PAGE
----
I had a conversation with a friend the other day about a book we had both read on a young immigrant coming of age, leaving behind his innocence, in America. This discussion led to various other topics such as finding a space to fit into, plans for the weekend and plans for the New Year. It was nothing unusual or out of the ordinary, just a typical mid-morning discussion.
When I got home that afternoon I went about preparing a cup of tea and was struck by a rather amusing thought that came from left field: I am closer to 40 now than I am to 20 and though I’m very much the age of an “adult,” I don’t really feel like one. As I cradled my mug and waited for my tea to cool I found myself mentally revisiting those spotty and angst-ridden teenage years in British Columbia. I recalled conversations with friends where I talked about having it all figured out by the time I hit 30. My 16 year old self was quite certain I’d have an education and a man, a house and a car, a Wednesday night book club and an RRSP, a career and a kid, a silk negligee and an expense account, and yearly vacations at some all-inclusive resort in the Caribbean…all of which would make me so very adult.
It was a list I hadn’t fulfilled when I hit the big 3-0. Actually, there’s a lot I still don’t have today.
When I take a look at my teen-lite “must haves” and focus on the things I continue to lack, an uncomfortable question rises to the surface: did I fail my teenage self? Have I missed the mark of adulthood? I ponder this question for a few days until all I can do is look at myself in the mirror and laugh.
I laugh because nothing is as how I thought it would be. I laugh because it’s more than I ever expected. I laugh because the older I get the less I know, and though my twenties are making their way towards the horizon I can’t shake the feeling of being on the cusp of something. It’s as if I’m standing on the doorstep of a great adventure knowing full well there’s a lot more to learn and a hell of a lot more to experience.
Not a traditionally “adult” way of thinking if you ask me.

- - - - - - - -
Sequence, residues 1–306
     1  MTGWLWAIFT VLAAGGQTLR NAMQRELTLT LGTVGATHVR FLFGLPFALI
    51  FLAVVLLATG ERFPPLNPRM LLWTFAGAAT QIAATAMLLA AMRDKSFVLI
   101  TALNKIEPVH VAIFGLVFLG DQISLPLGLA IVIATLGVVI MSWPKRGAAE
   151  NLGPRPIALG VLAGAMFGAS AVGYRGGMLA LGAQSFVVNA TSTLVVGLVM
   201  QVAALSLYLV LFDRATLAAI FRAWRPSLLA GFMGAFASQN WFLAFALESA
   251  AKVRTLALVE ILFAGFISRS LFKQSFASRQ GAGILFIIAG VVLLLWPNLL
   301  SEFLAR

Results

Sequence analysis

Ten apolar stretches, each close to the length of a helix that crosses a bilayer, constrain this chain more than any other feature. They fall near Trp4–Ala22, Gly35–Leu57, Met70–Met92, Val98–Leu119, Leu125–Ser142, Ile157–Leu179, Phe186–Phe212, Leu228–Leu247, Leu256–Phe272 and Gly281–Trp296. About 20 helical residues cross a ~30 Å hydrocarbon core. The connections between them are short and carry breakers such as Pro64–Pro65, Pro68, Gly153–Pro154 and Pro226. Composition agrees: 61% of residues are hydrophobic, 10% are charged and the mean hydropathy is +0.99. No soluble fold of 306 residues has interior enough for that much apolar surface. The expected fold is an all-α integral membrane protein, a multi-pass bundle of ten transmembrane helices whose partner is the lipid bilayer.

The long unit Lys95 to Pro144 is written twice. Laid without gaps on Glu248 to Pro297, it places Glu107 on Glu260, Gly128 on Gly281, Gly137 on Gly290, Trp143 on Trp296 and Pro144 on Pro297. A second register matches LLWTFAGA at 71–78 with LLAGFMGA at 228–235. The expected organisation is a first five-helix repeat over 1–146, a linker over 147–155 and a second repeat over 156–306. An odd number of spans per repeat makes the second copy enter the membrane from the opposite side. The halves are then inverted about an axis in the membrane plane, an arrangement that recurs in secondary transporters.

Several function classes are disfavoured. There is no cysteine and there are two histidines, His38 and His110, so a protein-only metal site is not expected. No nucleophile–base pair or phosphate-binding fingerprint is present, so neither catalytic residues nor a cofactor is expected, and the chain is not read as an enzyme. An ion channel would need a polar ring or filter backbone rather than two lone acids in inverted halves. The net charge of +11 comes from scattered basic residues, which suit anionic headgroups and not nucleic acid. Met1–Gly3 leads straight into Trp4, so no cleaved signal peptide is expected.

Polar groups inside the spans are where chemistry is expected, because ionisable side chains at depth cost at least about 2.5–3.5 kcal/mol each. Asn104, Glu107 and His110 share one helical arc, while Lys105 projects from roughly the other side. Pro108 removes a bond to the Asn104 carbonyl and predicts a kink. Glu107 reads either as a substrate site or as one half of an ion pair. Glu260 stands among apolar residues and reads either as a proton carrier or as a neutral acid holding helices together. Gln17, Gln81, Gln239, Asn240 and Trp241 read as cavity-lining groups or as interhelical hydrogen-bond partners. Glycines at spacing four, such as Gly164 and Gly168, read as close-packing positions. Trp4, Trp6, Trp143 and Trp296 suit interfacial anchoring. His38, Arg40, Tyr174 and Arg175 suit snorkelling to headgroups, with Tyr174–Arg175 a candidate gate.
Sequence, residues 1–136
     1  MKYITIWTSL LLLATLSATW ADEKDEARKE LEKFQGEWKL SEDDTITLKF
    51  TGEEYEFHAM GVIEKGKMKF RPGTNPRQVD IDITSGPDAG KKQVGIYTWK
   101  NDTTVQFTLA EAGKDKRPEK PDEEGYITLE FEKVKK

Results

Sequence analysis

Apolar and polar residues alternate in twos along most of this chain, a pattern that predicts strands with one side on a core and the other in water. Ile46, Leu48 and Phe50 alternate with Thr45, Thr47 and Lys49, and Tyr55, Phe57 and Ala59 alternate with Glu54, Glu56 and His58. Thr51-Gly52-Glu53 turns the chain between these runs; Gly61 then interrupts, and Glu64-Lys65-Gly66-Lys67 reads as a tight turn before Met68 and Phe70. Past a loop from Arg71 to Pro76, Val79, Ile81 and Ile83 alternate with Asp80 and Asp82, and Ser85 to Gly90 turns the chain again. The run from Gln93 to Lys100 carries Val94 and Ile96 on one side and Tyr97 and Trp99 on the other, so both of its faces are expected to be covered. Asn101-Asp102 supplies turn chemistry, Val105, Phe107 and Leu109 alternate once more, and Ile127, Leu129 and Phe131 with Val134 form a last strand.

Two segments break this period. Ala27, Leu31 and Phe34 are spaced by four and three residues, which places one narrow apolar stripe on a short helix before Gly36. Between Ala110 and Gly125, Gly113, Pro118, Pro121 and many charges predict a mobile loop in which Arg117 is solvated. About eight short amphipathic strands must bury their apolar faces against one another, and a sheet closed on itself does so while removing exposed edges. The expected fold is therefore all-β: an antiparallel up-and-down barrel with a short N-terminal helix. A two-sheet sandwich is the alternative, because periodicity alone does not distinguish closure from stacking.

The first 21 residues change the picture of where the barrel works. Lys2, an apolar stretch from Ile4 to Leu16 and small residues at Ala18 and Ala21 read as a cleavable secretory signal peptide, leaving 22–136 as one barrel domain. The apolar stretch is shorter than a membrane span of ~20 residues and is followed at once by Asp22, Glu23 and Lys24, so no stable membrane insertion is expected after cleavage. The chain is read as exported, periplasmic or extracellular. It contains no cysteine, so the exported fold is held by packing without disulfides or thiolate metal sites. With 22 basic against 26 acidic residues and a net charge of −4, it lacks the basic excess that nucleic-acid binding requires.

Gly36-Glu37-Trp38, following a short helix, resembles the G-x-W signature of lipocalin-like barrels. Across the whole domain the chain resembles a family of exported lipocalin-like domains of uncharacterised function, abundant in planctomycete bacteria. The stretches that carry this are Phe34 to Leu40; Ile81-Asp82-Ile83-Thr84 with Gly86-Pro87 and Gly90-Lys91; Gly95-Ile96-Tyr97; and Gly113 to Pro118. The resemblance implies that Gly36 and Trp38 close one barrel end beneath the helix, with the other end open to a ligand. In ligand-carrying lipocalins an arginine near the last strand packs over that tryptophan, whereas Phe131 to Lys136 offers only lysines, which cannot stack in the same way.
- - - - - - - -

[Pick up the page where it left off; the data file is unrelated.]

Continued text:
I wonder if becoming an adult means adopting socially constructed notions of what the child-to-adult transition entails: taking on more responsibility, moving out on one’s own and providing for oneself.
I wonder if being an adult is all about having children. Will I instantly become a grown-up the minute I birth a new life – or bring one into my home – and provide he/she with shelter, food, clothing and love?
Is being an adult about ownership and accumulating more stuff? Does a house, a car, a second house and a safety deposit box with some diamonds, a power of attorney and Swiss banknotes make me more grown up?
[Is this what being an adult is about? All images by Allie Brosh – the great mind behind Hyperbole and a Half. I couldn’t have envisaged it better myself.]
Sometimes I wonder if I would be more of an adult now if I had stayed in Canada after university and gotten a 9-5 job, settled down with a nice business-oriented guy and started marking the passage of time with a new slab of timber every winter for my split-rail fence.
There are other times when I wonder if it’s all in my head. If moving into the realm of adulthood is something that happens when we make a certain mental shift.
I asked another 30-something friend yesterday about whether she feels grown up and how she defines adulthood. She gave the question some serious thought before handing me a response I found intriguing.
“I don’t think having a big bank account, sprawling house or becoming a parent makes us adults,” she said. “Well, maybe having children does in a way because of the whole reproductive and life cycle aspect, but not entirely. We become adults when we get older; when we know better.
“What I mean is that ageing grants us the passage into adulthood; and I’m not talking about turning 35 or 45. I’m talking 60 and beyond, a time in your life where you’re able to make sense (or have come to accept) many of the things around you. An age where you have a better understanding of the people, the world, all the stuff that does or doesn’t happen and your place among it all. It’s about retaining a certain spark…a fire. It’s about knowing. It’s about wisdom.”
I found myself smiling as my friend spoke. I liked her way of drawing adulthood down and the idea of it being something we earn. I warmed to the notion of gaining knowledge and understanding as opposed to achieving a set of milestones someone else has laid out for me. I also fancy the notion of wizening like an old hag with a life under my belt full of more questions than concrete answers.
Full of more curiosity and mischief than restraint.
More adventure than walking the line.
A life with more failed attempts than heart busting regrets.
What about you: how do you define adulthood? Do you feel “adult?”